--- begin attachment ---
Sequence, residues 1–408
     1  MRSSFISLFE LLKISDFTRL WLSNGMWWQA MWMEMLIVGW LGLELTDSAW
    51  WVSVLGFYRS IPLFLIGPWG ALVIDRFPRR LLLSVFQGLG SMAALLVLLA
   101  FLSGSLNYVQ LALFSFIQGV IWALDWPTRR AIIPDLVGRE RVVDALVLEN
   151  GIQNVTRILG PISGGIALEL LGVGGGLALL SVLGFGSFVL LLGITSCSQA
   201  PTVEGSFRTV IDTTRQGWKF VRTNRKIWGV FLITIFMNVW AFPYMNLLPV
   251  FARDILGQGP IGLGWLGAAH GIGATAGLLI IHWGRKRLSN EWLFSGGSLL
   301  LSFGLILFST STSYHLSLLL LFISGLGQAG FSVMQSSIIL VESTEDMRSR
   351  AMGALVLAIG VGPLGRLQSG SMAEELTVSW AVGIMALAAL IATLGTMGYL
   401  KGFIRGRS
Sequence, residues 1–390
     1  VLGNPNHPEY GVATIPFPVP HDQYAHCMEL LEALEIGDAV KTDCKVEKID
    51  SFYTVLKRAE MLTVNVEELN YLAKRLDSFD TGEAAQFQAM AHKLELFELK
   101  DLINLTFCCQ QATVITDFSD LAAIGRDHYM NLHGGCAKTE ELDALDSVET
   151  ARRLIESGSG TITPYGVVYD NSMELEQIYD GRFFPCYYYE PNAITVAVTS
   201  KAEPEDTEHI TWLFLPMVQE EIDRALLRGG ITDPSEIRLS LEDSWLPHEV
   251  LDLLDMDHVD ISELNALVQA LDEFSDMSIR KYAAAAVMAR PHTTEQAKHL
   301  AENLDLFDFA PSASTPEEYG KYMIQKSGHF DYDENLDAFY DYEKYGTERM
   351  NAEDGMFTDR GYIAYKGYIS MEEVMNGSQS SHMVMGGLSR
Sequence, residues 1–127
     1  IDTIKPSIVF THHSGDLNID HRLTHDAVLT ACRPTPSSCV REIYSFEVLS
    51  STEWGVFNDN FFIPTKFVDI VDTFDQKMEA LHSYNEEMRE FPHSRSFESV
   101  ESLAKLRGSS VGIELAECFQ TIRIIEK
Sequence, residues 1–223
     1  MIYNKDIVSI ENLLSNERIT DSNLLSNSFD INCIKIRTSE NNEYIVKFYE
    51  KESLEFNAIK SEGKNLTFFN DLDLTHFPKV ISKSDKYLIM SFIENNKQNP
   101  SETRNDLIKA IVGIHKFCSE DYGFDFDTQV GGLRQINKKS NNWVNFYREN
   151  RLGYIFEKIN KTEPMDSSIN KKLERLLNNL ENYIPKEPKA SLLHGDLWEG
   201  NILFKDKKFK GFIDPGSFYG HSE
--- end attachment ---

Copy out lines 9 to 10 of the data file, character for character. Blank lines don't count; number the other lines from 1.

   351  AMGALVLAIG VGPLGRLQSG SMAEELTVSW AVGIMALAAL IATLGTMGYL
   401  KGFIRGRS